Thoracic Disc Herniation

What causes thoracic disc herniation? los angeles thoracic disc herniation, los angeles herniated disc, los angeles spine surgeon, los angeles spine surgery

The natural curvature of the spine provides the skeleton strength and stability. The curves act like a coiled spring to distribute the mechanical stress as the body moves. As discs age, they lose their water content and begin to degenerate. The annulus fibrosis (outer ring), may also be damaged through general wear and tear or by injury in which the nucleus, under extreme pressure, bulges out through the annulus fibrosis ring.

Can thoracic disc herniation be prevented?

Like other discs in the spine, the thoracic discs are vulnerable to injury when the person practices poor posture. Sensible exercises, designed to strengthen the upper back, help to improve posture and prevent injury. Maintaining a healthy lifestyle with good nutrition is key, as well as preventing accidents. The spine, designed for flexibility, will perform best if cared for properly.

What treatment options are there for thoracic disc herniation?

1. VATS – Video Assisted Thoracic Surgery

los angeles video assisted thoracic surgery, los angeles vats, los angeles thoracic disc herniation, los angeles herniated disc, los angeles spine surgeon, los angeles spine surgeryThe standard open surgical approaches to the thoracic spine usually involve creating a large opening in the chest wall. Dr. John Regan pioneered the use of endoscopic instruments with cameras and cutting tips to access the spine. Video Assisted Thoracic Surgery (VATS), is a minimally invasive (keyhole) surgical procedure. It allows the surgeon to directly examine the chest cavity without a big incision. Three or four small incisions will be made to allow the surgeon to use the special instruments (video camera and endoscope) needed for this operation. A very small video camera is used to project pictures of the chest cavity onto a screen during the procedure.

VATS avoids the extensive damage to the chest wall. Specific tools and implant systems permit the spine surgeon to remove thoracic discs, biopsy vertebral masses/tumors, release scoliotic curves, bone graft disc spaces and even to instrument the spine working through these small (1-2 inch) puncture incisions.

2. Discectomy

A discectomy is a surgical procedure in which part or all of an intervertebral disc is removed from the spine. This is commonly done when a disc is herniated (slipped disc) and is causing symptoms of pain and nerve irritation or injury. In the thoracic area, discectomies are usually done through an incision on the side of the ribcage. A small window is created in the bone overlying the disc herniation. The nerve root is gently retracted to expose the disc herniation. The disc material is then removed using special instruments which snip it away.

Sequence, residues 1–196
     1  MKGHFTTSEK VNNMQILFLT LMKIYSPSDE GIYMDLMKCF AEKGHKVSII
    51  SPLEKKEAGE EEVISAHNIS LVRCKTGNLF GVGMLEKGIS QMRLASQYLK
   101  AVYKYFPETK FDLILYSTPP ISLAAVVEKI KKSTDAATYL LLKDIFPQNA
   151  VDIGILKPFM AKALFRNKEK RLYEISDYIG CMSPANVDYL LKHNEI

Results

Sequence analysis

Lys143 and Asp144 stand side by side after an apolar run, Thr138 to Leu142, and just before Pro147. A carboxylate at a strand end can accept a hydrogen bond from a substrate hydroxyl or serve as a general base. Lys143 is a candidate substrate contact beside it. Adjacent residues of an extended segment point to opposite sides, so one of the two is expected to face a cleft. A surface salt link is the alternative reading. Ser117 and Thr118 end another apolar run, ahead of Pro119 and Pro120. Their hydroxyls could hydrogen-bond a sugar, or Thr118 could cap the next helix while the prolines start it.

3. Fusion

Fusion is a surgically created solid bone bridge between two or more adjacent (usually freely mobile) bones. In the spine, this procedure is used to create a stability between vertebrae. In order to achieve a fusion, bone must grow across the desired area in a gradual and solid fashion. A number of techniques can increase the chance of this to occur. The basic principle is to place bone tissue (bone graft) into the area of desired fusion, ensure sufficient immobility across that area (brace, cast, spinal instrumentation) and then wait for the fusion to take place (6-9 months or more).

4. Spinal Instrumentation

For spine operations to be successful, solid healing of bone across the spine must be achieved. Dr. Regan's private practice makes use of metal devices, also called instrumentation (screws, rods, plates, cables, wires) that can help correct a deformed spine and will also increase the probability of obtaining a solid spinal fusion.

Spinal instrumentation can be placed in the front or in the back portion of the spine. The devices are usually made of metal, commonly stainless steel or titanium. In order to place this instrumentation into the spine, the spine is at first exposed by making a skin incision, and then gently clearing the muscles, ligaments and other soft tissues from the levels of the vertebrae to be fused. Specific tools are used to carefully prepare the bone in such a way to obtain good seating of the implants (screw, rod, wire, cable or other). When these devices are in the proper position, a rod or plate is positioned to link the implants together. Screws are inserted into the pedicles, which are part of the arch of the vertebra. This essentially forms a rigid scaffolding to hold the spine in the desired position. The bone graft which has been placed into the area of fusion gradually solidifies over several months. The spinal instrumentation is gradually covered by scar tissue and sometimes bone which the body lays down. uters, software and tracking technology.

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